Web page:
As far as I know, Vietnamese dont share that tradition with Thai - young men ordaining for short period of time then disrobe. Both my Uncle and grandma was ordained for atleast a decade. My uncle along with many other monks (not all) and would sneak out to go to bar and even have sex, it is common among many monasteries in Vietnam. He disrobed and got married then divorced. He abused his wife abd kids. They got divorced but now he wouldnt let his wife visiting her kids, and he is a terrible father. He worship all sort of stuff, gods, and goddesses and believe in all crazy sort of superstition ans astrology. He also have kids that he refused to accept as his. My grandma is similar breaking all her precepts. They both have very little knowledge of sutra study or even the basic idea of what Buddhism is about - simply a practice to free oneself from suffering.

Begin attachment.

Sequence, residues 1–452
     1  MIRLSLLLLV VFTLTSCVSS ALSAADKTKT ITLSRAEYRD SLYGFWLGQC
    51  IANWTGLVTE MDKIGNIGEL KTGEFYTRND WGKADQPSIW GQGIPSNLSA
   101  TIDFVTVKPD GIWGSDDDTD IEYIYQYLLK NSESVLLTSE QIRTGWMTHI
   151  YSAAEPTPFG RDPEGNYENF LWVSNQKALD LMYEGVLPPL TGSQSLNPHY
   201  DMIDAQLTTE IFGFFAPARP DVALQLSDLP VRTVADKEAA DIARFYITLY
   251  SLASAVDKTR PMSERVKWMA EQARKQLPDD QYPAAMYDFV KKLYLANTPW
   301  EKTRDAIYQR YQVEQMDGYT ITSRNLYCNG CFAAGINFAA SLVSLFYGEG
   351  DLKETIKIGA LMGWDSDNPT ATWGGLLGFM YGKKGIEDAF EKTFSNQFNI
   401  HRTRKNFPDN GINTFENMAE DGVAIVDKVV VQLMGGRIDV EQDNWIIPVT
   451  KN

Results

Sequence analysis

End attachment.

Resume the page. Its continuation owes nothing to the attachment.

I do not claim that the government has anything to do with. It could have and it
Might just be my uncle or grandma.Though I somewhat think being once ordained for so long they would have a better knowledge of Buddhism. Anyway I brought it up just to simply explain that they were one of the many source that helped me getting to know the buddhist monasteries and the sangha of Vietnam. Though not an important source since it is no secret what the condition is like.

My apology if it is hard to understand what I wrote because I am using my phone.-

Metta


thank you for your kind and generous response (and no problem with understanding what you wrote, I'm impressed you were able to have such a response on a phone! - I know I couldn't :D )

:anjali:
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Re: How is Mahayana Buddhism faring in Viet Nam nowadays?

Postby lojong1 » Mon Feb 11, 2013 9:56 pm

Oh Bodhi! :heart: